More news today of Closer to Heaven, the musical written by playwright Jonathan Harvey with pop duo the Pet Shop Boys. In The Observer, Sheryl Garratt writes that “In Closer to Heaven, the new musical theatre production by the Really Useful Company in London's West End, Frances Barber plays Billie Trix, a faded rock star who bears some resemblance to the Velvet Underground's Nico. The show opens with her in the backroom of a club and being called onto the stage for her big number. First, though, she leans over and snorts a line of cocaine. It's not what you expect from a new Andrew Lloyd Webber production, but then Closer to Heaven is an attempt by his company to forge a new identity for the musical in an era when the big spectaculars such as Les Misérables and Phantom of the Opera are starting to look distinctly near their sell-by date. Set in a London nightclub with a drug dealer and the manager of a boy band among the central characters, it features a sharp, contemporary script by Liverpool-born playwright Jonathan Harvey (Babies, Beautiful Thing, Gimme Gimme Gimme) and music by the Pet Shop Boys. 'It won't sound like a West End musical at all,' says Chris Lowe, generally perceived to be the silent, sulky Pet Shop Boy but tonight so excited he scarcely lets anyone else get a word in. 'We haven't compromised at all in the way the music is produced. We've got the computers playing, the electronic keyboards and samplers.' 'It's very exciting,' adds Neil Tennant, 'and unbelievably scary.' . . . The Pet Shop Boys first talked of doing a musical in 1986. At one point, there was talk of them creating it for television, and it was the BBC drama department which first introduced them to Harvey as a possible collaborator. He'd just written a 30-minute play about a fan of the boy band, E17, calling it after the Pet Shop Boys single, West End Girls: 'We were, of course, outraged by this.' None the less, they began going to see Harvey's plays, and in 1996 finally started working with him on the project, talking about the plot and characters, writing songs and watching films like The Sound of Music to analyse just how it all worked. . . . The basic idea for Closer to Heaven came quickly, and the club world seemed an ideal setting. 'Jonathan inhabits the kind of world we've inhabited,' explains Lowe. 'He's been to clubs like Trade and Heaven, so it's not like he's an outsider.' The plot revolves around Straight Dave, a good-looking, ambitious young man who comes to London from Northern Ireland 'and goes on a journey to do with his ambition and sexuality', falling in love with both a girl and the club's Scally male drug dealer, Mile End Lee. It's a classic love triangle, with a modern twist: 'Even at the end of the show, we don't necessarily know whether he's gay or straight.' . . . When writing a play, Harvey says he can easily read it and imagine how it will look and sound. 'But with the musical, I've never been able to do that, because I could never really imagine what it would be like when people stopped speaking and started to sing.' Once, says Harvey, the soundtracks to musicals like West Side Story were considered mainstream pop. The film of Grease was probably the last musical to slide effortlessly into the pop arena, and Closer to Heaven is an attempt to redress that, to put different bums on the seats of the small, 340-seat Arts Theatre. 'I hope we can appeal to a younger audience that maybe doesn't usually go to the theatre. I'm writing for my mates, to encourage people to get in there.' The Pet Shop Boys describe Jonathan Harvey as 'a comic genius' with a talent for mimicry that has been an endless source of amusement during their collaboration. Harvey, in turn, confesses that he's bought every CD they've ever done. 'They're very, very clever. They've always been quite aloof and elusive. You've never known too much about them, so you've never got that bored with them. They've always been a bit of a mystery.'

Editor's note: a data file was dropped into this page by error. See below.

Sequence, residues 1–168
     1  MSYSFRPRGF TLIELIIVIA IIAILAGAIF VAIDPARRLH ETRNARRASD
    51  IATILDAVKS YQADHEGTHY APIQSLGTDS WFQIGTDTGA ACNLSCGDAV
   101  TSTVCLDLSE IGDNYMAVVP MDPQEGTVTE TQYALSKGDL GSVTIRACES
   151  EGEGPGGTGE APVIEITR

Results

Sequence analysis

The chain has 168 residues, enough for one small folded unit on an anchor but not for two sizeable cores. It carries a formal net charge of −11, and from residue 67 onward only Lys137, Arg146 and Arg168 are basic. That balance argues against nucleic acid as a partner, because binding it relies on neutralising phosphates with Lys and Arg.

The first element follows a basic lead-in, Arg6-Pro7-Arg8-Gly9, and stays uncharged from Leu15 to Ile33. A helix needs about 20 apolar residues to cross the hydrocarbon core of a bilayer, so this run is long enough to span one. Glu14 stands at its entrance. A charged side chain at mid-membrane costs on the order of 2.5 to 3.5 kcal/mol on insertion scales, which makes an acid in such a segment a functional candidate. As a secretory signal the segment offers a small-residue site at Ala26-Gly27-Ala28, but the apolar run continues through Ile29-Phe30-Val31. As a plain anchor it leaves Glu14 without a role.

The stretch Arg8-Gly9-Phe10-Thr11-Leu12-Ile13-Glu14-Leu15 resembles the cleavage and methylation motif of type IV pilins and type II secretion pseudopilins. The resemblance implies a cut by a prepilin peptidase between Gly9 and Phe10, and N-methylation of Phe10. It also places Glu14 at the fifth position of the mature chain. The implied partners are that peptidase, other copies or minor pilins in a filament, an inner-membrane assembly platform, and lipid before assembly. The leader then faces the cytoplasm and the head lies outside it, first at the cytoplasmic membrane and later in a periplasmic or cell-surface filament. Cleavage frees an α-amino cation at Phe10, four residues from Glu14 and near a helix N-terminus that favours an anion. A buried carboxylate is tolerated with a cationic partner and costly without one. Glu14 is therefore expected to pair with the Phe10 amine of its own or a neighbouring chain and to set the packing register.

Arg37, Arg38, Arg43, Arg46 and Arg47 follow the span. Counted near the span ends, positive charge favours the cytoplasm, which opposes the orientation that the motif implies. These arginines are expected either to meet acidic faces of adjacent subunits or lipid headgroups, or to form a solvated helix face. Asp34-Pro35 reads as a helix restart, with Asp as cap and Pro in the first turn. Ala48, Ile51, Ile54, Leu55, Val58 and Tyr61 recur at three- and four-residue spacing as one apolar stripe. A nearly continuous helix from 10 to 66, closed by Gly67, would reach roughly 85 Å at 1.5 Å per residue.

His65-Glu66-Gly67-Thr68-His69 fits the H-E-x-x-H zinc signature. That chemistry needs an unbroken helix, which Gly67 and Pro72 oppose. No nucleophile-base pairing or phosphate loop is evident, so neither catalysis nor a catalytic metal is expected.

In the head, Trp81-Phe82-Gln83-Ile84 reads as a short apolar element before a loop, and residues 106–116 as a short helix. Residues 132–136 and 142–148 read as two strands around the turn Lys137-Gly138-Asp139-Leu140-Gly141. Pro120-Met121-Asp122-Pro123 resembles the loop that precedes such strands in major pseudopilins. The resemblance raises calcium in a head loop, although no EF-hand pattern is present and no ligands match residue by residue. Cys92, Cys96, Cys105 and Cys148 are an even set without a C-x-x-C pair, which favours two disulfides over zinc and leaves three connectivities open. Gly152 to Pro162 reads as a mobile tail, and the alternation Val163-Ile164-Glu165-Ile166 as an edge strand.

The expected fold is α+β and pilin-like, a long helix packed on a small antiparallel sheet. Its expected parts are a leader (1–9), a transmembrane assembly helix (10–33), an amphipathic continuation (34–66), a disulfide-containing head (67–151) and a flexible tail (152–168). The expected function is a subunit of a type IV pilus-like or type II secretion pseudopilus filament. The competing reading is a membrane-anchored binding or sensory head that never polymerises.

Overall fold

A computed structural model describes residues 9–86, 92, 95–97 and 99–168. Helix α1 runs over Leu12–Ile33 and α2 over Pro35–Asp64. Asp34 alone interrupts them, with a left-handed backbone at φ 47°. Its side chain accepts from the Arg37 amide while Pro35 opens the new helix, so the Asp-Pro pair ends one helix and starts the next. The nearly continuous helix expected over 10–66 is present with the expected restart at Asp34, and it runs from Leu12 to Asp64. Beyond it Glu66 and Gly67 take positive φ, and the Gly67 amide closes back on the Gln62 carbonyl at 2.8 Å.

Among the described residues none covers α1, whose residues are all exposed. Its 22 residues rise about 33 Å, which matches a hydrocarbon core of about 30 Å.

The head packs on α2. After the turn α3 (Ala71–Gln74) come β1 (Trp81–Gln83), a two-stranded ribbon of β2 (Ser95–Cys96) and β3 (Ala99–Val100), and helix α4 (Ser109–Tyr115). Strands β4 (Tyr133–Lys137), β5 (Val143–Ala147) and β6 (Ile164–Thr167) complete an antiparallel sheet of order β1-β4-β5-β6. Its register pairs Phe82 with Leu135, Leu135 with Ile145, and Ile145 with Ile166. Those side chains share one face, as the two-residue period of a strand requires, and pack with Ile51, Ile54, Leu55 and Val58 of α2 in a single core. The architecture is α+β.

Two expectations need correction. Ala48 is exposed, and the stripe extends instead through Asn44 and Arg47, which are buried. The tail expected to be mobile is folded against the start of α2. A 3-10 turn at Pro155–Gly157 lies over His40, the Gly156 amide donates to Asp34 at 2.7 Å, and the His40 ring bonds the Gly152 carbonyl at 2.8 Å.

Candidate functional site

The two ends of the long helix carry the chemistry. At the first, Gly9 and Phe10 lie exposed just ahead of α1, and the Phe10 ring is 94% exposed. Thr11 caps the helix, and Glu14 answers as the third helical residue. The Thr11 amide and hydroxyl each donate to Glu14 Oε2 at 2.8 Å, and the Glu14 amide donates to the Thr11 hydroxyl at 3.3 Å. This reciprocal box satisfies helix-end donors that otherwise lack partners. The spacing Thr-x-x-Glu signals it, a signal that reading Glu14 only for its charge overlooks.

In The Sunday Times, Jane Moore writes: “. . . Musical theatre is the new sex, drugs and rock'n'roll to a host of 1970s and 1980s recording stars looking for something new to light their fire. If the 10% drop in ticket sales for traditional musicals is anything to go by, they're not alone. Theatre-goers, particularly younger ones, clearly fancy a change as well. Step forward the Pet Shop Boys, aka Tennant and Chris Lowe. They have collaborated with the writer Jonathan Harvey to bring out Closer to Heaven, which is about to start previewing at the Arts Theatre. . . . ‘It's a gritty, almost kitchen-sink drama that happens to have songs in it.’ They chose the 350-seat Arts Theatre for an "off-Broadway feel", but the financial backing is from a more mainstream source: Andrew Lloyd Webber's Really Useful Group. . . . The pair first thought of doing a musical-theatre project about 15 years ago, but never got round to it. Then the BBC approached them to write one for television. ‘We met for lunch, and they suggested we work with a playwright called Jonathan Harvey. They gave us a video of a drama he'd done for them called West End Girls. We were furious he'd called it that,’ laughs Tennant. He and Lowe eventually decided against the ‘one-off’ project for television, and decided to stick to their original idea of the theatre. In the meantime, they became firm fans of Harvey's work. ‘We went to see Beautiful Thing in the West End, and then we saw his masterly play Boom Bang-a-Bang, about a lot of people watching the Eurovision Song Contest. We loved it, so we rang his agent to arrange a meeting,’ Tennant adds. Enter Harvey, stage left. ‘I was furious with them, too,’ he says. ‘The BBC had lined me up to meet them, and both times I was just about to leave the house when they cancelled. So I went along to this meeting thinking they were really unreliable and probably wouldn't show. I also thought it was still about the television project, which I wasn't so keen on. When I found out it was theatre, I was ecstatic.’ Harvey is less nervous about the project [than the Pet Shop Boys], because he already has an impressive record of writing for theatre and television. His critically acclaimed Out in the Open, directed by Kathy Burke, is currently playing in Birmingham before returning to London, and BBC2 has commissioned a second series of his sitcom, Gimme Gimme Gimme. ‘I'm also co-writing a new comedy drama, Sugar and Spice, for the BBC, with Meera Syal, and I'm writing an ITV drama called Beating Jesus for Sarah Lancashire,’ he says. ‘But I was particularly excited to work on Closer to Heaven, because I have always been a huge fan of the Pet Shop Boys. I have been offered projects based around back catalogues before, and turned them down. So I was thrilled when I realised it was going to be a proper drama with original music written for it. I'm very aware that there's a real trend at the moment for collaboration between the music industry and theatre, and I wanted to be part of it.’